DANTZLER: If you want to look at it as it’s a probable carcinogen, then I would be a little more scared to be wearing even a little bit of a chemical that’s even considered a probable carcinogen.
GELLERMAN: Now California has moved to ban PERC, so has Illinois, so has New Jersey as I understand it. Right?
ROEPE: Right. They have banned it. They’re just taking their time in terms of phasing it out completely. And the city of Philadelphia is actually in the middle of lowering their legal exposures to the parts per billion range, instead of to the parts per million range.
GELLERMAN: What about these green dry cleaners - are they any safer?
DANTZLER: In our study, we tested two dry cleaners that were considered green, and what we found were: one had super-critical hydrocarbons in them, and then in another, just carbon dioxide might have been compressed and used to dry clean the clothes. So the term can vary depending on the method of dry cleaning.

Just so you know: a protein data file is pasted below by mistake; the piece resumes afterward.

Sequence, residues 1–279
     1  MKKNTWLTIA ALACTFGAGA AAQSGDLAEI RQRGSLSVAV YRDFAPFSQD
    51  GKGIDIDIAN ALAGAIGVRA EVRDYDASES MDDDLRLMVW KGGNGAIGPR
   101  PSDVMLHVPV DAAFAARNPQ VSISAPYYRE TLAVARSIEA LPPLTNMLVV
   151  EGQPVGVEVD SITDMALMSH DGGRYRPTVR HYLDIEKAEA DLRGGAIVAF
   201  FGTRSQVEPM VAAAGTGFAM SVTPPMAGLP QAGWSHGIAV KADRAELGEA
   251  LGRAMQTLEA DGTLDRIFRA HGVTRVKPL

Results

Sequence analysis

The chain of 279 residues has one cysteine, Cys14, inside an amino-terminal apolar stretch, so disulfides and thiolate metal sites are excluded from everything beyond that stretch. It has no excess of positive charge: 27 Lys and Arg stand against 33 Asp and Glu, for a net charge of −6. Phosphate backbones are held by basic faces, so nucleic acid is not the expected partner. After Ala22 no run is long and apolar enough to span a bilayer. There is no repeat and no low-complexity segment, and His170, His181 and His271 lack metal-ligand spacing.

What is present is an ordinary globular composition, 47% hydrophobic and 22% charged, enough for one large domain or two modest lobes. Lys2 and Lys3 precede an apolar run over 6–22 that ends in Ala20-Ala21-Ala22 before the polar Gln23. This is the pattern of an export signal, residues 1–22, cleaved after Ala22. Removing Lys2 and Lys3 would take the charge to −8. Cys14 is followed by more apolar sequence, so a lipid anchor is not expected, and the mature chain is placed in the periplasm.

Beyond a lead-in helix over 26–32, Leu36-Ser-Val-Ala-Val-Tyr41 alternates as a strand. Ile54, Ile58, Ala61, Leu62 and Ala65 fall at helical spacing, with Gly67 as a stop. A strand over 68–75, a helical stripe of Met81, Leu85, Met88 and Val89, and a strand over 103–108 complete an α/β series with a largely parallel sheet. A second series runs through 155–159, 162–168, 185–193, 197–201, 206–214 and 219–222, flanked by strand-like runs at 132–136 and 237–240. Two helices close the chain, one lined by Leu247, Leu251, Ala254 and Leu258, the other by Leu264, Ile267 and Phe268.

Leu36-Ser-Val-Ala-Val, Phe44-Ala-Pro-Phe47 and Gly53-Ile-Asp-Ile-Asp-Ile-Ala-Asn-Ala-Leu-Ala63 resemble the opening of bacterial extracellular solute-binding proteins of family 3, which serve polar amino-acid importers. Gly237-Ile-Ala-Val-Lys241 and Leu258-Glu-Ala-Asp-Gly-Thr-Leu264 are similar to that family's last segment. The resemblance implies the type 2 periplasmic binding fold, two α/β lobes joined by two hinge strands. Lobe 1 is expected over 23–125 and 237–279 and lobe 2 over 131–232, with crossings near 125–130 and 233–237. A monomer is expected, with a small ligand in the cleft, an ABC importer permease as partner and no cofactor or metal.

ROEPE: Green dry cleaners basically just ... from what we can gather, just mean that they’re not using PERC, but they could be using a whole bunch of other different things.
GELLERMAN: So this goes onto your permanent record, there, Alexa. What do you hope to do after high school?
DANTZLER: After high school, I would like to do pre-med and then go onto medical school.
ROEPE: You’re going to apply to Georgetown, aren’t you?
DANTZLER: Yeah. (Laughs).
GELLERMAN: Well, Dr. Roepe and Alexa, thank you very, very much - good speaking with both of you!
DANTZLER: Thank you.
ROEPE: You’re welcome.
GELLERMAN: Georgetown University chemist Paul Roepe and high school scientist Alexa Dantzler. Under current federal regulation, dry cleaners located in residential buildings have until 2020 to phase out the use of PERC.